With the increasing use of open source components in software development, it is paramount to regulate these. Software composition analysis is the process of analyzing all the different components of a code to make sure that they all comply with the security requirements.
There are two ways of performing Software Composition Analysis. You can either do it manually or you can use a tool for it. The manual method of software composition analysis is too inefficient and unreliable to be practical.
The only viable way for dependable software composition analysis is by using tools made for this purpose. But with all the Software composition analysis tools out there, where do I even start?
Here are some things that can help you select the right tool for this job.
Technical Aspects of SCA Tools That You Need to Consider
1. Language Compatibility
The first step towards software composition analysis is understanding what open source resources are being used by your code. Obviously, you cannot fix something you don’t know exists in your code.
The first thing you need to look for in an SCA tool is its language ability. It needs to cover all the languages you are working on today and plan on working with in the future. An SCA tool is often a substantial investment and you don’t want it outdone by your language settings in the near future.
2. Discovery Method
The next thing you need to know about an SCA tool is the discovery technique it used for finding vulnerabilities in the code.
The most common type of SCA tools uses something called scanning package managers. These are quick and efficient but have a tendency to miss open source components that have been copied in pieces or modified in any way.
Having something that has a more sophisticated approach to this problem is a better option.
You also need to keep in mind that the source code is not always available. This means that having a code that can scan binaries is the best thing.
3. Vulnerability Databank
SCA tools work in two steps. They first make a list of all the open-source components used in the code, called the bill of materials.
The next step is mapping the bill of materials to a dataset of known vulnerabilities.
The best SCA tools are the ones with diverse datasets and research teams that keep updating the data. Such tools are very hard to miss any vulnerability in your code.
Moreover, it is not the correct approach to have a tool that relies on a single database. National Vulnerability Database is an extensive dataset but it is still a single source of data. Use a tool that has multiple data streams.
4. License Data
License risk is one of the most vulnerable aspects of open source. In order to make software reliable and secure, all the open-source components must comply with the industry standards of licensing.
This calls for an SCA tool that has an extensive licensing database to verify that all the components used in your code are license compliant.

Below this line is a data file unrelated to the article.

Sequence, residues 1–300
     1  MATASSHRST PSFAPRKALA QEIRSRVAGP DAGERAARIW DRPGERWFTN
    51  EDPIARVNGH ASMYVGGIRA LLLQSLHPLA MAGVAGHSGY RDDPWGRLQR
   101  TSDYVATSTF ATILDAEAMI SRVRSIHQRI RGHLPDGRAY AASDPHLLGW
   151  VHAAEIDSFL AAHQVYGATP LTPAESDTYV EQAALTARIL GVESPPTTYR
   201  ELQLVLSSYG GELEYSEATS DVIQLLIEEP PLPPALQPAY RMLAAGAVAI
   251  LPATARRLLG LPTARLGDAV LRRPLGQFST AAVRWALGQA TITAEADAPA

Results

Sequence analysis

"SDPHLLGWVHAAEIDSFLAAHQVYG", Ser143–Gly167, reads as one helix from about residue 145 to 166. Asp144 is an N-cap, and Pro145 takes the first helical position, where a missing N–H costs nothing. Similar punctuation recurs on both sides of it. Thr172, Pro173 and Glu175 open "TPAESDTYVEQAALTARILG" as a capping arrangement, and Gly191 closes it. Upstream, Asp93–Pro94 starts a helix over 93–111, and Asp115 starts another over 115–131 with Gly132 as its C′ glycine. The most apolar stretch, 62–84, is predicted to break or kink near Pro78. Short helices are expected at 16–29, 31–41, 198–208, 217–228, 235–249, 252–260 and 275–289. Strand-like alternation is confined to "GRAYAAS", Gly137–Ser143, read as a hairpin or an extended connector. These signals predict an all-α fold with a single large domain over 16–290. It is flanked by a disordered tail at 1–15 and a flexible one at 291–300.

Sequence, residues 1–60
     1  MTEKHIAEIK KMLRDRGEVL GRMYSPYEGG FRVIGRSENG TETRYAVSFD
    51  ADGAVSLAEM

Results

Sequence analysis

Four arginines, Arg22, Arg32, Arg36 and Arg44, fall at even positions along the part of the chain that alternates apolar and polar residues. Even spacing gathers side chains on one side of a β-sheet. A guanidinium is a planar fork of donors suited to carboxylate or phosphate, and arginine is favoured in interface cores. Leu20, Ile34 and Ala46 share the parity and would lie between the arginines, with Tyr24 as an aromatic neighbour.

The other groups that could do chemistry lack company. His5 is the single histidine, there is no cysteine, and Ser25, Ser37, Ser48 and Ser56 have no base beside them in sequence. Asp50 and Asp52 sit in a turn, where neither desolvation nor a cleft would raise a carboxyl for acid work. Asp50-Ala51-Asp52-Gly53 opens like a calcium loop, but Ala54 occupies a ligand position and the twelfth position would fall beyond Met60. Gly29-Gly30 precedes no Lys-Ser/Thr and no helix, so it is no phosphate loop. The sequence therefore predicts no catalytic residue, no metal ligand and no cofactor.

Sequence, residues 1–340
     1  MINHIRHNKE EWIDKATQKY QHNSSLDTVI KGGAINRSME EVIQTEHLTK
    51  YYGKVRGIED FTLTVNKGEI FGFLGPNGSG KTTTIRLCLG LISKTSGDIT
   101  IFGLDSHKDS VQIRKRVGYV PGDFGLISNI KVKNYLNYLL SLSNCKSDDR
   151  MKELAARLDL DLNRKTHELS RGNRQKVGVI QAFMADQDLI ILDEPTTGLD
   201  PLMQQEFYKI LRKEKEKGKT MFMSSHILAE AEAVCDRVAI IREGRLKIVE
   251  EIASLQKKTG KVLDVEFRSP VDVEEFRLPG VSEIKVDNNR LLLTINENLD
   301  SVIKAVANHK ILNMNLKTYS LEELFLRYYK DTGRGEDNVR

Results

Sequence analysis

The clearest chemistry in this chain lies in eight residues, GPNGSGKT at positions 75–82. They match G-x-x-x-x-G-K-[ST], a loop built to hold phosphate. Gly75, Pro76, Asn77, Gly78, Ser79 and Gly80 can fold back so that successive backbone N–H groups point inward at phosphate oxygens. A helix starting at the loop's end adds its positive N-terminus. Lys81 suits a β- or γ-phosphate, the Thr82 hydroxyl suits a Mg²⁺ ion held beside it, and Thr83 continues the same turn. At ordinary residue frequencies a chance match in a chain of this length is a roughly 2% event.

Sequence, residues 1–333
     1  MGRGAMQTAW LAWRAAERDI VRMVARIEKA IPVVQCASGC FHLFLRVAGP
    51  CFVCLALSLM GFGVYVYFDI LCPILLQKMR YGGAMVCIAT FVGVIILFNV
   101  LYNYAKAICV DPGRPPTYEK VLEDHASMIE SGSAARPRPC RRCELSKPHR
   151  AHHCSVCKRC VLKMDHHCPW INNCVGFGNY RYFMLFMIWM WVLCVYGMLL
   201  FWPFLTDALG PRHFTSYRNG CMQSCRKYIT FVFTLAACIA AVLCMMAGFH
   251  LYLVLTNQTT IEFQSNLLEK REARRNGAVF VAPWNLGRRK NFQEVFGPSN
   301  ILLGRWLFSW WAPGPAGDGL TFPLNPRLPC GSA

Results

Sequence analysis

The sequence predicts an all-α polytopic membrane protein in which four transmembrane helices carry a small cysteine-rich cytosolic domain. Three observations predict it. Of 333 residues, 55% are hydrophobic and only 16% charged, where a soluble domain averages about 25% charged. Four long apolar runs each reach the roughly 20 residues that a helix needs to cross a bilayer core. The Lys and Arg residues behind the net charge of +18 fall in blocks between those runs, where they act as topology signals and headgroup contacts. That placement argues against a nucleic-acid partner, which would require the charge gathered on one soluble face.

To make sure that the software development lifecycle goes smooth, it is important for the SCA tool to integrate with all the other tools you are using.
It is also important to integrate SCA into SDLC from the very beginning. In order to make sure that the software is developed securely. Developing software and then working on the security aspects once the whole thing has been made is the most inefficient approach ever.
Choose a tool that integrates well with your IDE and use it from the very start for the best results.
Other Aspects of SCA Tools to Consider
The ability and diversity of an SCA tool are not the only decisive factor in selecting it. SCA tools need to be financially viable too. Here are some more things that you need to consider when choosing an SCA tool.
1. Cost and Billing Method
Most of the SCA tools work on a monthly license basis. Some even want you to commit for a year. You need to consider the following things when selecting a tool for yourself:
- If you are not a full-time developer and are making just one software, you need a tool that offers monthly billing.
- The competitive price of the tool must be at par with the abilities. Compare it with other tools to get an idea.
- If you are getting the tool for a team, make sure that it allows discounted rates for multiple users.
- If it is a new tool make sure that it offers a refund if it does not work the way it claims to or it is supposed to work.
2. Rating and Reviews
Actions speak louder than words and that is very true in the case of SCA tools. Before you make the decision of getting such a tool, have a look at what people have to say about it. The things you need to consider include:
- The testimonials of previous users.
- Any notable users of the tool.
- The reviews of the tool on the seller’s website.
- The views of people about the tool on various developers’ forums.
Even if a tool offers a refund and has a ton of positive reviews, it might not suit the nature of use you are going to put it to.
The best way for making sure whether or not a tool is actually capable of doing what it claims is by trying it for yourself. Try the tool if it offers a free trial or borrows it from a friend and make sure that it is suitable for the job you are putting it to.
To make sure that all the open-source components of your code are working the way they are supposed to, it is of paramount importance to run software composition analysis.
More SCA tools are available on the market than you can count, making selecting one very difficult. The things you need to look for in a code include:
- The compatibility of the tool with your programming language.
- The ability of the tool to detect vulnerabilities.
- The vulnerability and license dataset the tool has.
- The economic viability and market reputation of the tool.